Stef: If anything, I soft-pedalled the bitterness and bullying in comparison to their real-life counterparts (I’d like to point out that none of my characters represent actual explorers!) I don’t see Flora’s priorities as totally different to theirs – she’s personally ambitious too. What the men struggle with is a woman being there at all, making it look easy. Explorers of that time (and, perhaps, now?) were obsessed with ‘manliness’: the word is used constantly in their diaries. There was growing hysteria around the time of the Boer Wars at the decline of – as it was termed – our ‘fighting stock’, and a concomitant feeling that women’s only business was producing as many soldiers as possible. But then, as now, some men react better than others…
I don’t really know how much Victorian feminists differed from modern ones. There were plenty of women who chafed at their ridiculous constraints – and some, like Flora, who refused to be bound; who forced their way through the obstacles, no matter what the cost.
Annabel: For those of us who want to read more about the golden age of Arctic exploration, can you recommend some further reading?
Stef: There’s a lot of engaging material, especially non-fiction. Wally Herbert’s book on Robert Peary, The Noose of Laurels, is a gripping portrait of this tormented personality, by someone who had himself walked to the Pole. My favourite historical overview is Pierre Berton’s The Arctic Grail. If you’re really keen, Robert Bryce’s Cook and Peary: the Polar Controversy, Resolved is a brilliant, forensically detailed account of an extraordinary rivalry. If you like murder mysteries, the strangest tale of all is to be found in Weird and Tragic Shores by Chauncey Loomis. In fiction, although set slightly earlier (1850s), I highly recommend Andrea Barrett’s The Voyage of the Narwhal.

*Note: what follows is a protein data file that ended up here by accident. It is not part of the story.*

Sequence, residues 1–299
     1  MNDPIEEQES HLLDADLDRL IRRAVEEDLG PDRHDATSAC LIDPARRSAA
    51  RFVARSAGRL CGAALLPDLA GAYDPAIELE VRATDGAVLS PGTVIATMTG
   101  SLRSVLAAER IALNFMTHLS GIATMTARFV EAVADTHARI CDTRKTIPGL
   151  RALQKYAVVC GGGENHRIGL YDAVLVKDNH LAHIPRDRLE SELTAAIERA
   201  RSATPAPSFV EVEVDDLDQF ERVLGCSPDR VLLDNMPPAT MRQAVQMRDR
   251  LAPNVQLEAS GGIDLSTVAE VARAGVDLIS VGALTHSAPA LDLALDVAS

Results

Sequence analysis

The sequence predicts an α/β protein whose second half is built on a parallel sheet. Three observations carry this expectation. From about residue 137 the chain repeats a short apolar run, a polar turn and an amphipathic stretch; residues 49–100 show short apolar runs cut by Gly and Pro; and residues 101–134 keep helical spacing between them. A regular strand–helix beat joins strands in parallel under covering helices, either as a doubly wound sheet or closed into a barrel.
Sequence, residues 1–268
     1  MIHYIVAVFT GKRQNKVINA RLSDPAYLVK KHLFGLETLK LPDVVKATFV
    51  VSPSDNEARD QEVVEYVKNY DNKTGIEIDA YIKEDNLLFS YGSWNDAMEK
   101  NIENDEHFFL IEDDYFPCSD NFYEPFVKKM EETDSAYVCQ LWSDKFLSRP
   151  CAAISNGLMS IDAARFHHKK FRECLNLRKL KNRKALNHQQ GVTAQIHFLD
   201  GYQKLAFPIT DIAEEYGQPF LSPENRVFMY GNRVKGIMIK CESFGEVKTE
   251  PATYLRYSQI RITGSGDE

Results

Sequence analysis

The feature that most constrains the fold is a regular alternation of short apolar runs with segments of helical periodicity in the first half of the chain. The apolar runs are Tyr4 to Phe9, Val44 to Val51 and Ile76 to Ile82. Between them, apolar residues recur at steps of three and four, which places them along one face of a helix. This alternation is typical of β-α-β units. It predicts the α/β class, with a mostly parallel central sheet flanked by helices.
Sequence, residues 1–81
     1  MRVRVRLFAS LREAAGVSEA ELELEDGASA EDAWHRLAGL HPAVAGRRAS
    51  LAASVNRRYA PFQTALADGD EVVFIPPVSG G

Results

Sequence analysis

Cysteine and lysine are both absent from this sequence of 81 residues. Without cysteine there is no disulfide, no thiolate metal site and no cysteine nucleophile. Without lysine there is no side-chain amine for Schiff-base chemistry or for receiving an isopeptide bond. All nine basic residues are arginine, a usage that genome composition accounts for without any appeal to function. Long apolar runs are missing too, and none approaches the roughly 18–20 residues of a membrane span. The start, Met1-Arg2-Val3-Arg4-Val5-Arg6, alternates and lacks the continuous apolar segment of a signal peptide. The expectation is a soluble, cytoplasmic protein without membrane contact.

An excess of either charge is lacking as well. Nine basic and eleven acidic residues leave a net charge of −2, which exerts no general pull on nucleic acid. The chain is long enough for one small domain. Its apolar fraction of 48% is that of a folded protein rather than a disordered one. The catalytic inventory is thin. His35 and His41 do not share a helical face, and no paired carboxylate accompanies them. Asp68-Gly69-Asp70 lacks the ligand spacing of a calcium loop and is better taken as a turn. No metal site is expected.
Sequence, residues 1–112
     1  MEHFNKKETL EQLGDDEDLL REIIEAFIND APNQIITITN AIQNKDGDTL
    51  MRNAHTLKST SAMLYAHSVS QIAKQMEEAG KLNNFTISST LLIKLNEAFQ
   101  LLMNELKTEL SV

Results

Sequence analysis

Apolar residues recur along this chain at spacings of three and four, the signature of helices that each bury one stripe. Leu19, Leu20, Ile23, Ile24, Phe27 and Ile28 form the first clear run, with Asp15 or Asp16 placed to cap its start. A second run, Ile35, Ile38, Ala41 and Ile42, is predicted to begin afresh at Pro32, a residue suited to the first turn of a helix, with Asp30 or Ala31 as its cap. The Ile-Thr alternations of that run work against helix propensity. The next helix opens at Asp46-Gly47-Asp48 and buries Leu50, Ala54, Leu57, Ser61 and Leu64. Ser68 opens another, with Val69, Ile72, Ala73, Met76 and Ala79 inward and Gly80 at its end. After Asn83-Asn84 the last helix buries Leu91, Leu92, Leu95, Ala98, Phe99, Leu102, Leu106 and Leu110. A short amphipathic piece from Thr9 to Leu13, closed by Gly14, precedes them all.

Annabel: And finally, we always ask, what are you enjoying reading at the moment?
Stef: I’m reading Conrad’s The Secret Agent. Funnier, bleaker, more nuanced than the recent TV series (isn’t that always the case?) I find that period endlessly riveting – it’s different and other, but psychologically feels very modern, as vast social changes began to turn the old order upside down. (For the same reason I love the novels of George Gissing.) Next, I’m going to read My Name is Lucy Barton, by Elizabeth Strout – because I loved Olive Kitteridge.
Annabel is one of the Shiny editors.
Read Annabel’s review of Under A Pole Star in our Fiction section here.
Stef Penney, Under a Pole Star (Quercus, 2016) ISBN: 9781786481160, hardback, 596 pages.